The callous change of terms by the interlocutors will have dire consequences on India’s position in the matter. It is a question of worry that a government initiated body has so loosely without consent of the nation manipulated the stand of the country. If in their definition of the matter, referring to Pakistan Occupied Kashmir as Pakistan Administered Kashmir is a step towards a solution then the interlocutors need to reassess their knowledge of the gravity of the situation.
The Report also suggests “Freedom from all forces of religious extremism, ethnic or regional chauvinism and majoritarian conceits that disturb communal and inter-regional harmony”. Such utopian suggestions are welcomed but without a road map it is futile to discuss such purposeless suggestions. The interlocutors would have benefitted by giving a thought to a step by step process to achieve this goal. Furthermore, it has not taken into account that the very same country they are inviting to “open” dialogue with, has consistently indulged in State sponsored terrorism in order to create unrest in the region. There has been no mention of Pakistan’s role in aggravating religious tension and creating disharmony in Jammu & Kashmir, and neither has there been any discussion or solution driven recommendation on the situation of Hindus in the valley or the safe return of Kashmiri Pandits, West Pakistan Refugees, PoK refugees and those who are forcefully displaced by the act of terrorism. Some have even fled their homeland fearing religious persecution, terrorism, and a dysfunctional State machinery that has miserably and shamefully failed to protect its people.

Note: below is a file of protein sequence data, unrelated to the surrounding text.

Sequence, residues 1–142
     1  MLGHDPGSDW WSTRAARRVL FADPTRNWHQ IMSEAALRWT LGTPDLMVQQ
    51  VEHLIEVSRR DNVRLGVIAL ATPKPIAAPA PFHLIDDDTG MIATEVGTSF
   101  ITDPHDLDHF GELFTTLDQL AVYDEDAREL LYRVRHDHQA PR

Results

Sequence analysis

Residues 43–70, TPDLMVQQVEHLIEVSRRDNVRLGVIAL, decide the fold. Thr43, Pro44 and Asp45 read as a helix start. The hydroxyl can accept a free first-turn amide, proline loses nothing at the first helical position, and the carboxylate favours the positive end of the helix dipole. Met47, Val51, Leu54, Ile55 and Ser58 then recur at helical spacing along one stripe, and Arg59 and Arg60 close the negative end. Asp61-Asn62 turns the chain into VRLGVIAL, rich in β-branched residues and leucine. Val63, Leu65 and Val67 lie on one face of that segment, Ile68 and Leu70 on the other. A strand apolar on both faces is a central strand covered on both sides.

The Report also offers no solution to the ongoing insurgency in Jammu and Kashmir. Instead, it suggests a dilution of anti-terrorism steps. The report recommends a review of Armed Forces Special Powers Act (AFSPA) imposed in Kashmir and suggests amending the Public Safety Act (PSA) completely overlooking the objective of creating a road map that solves the central problem of years of unrest. These Acts themselves are not the problems. The interlocutors seem to forget the focal point of their mandate.
In sharp contradiction to the steps taken by the Government of India to counter terrorism in the state, the Report states; “the choking of dissenting forces through harsh laws, the detention of political prisoners without the due process of law; the failure to bring to book those guilty of violating human rights; and, not least, violence perpetrated by militants and by the security forces. That these are alleged violations of human rights…” It is outrageous to comprehend how the report looks at the Indian Army and the terrorists in the same light.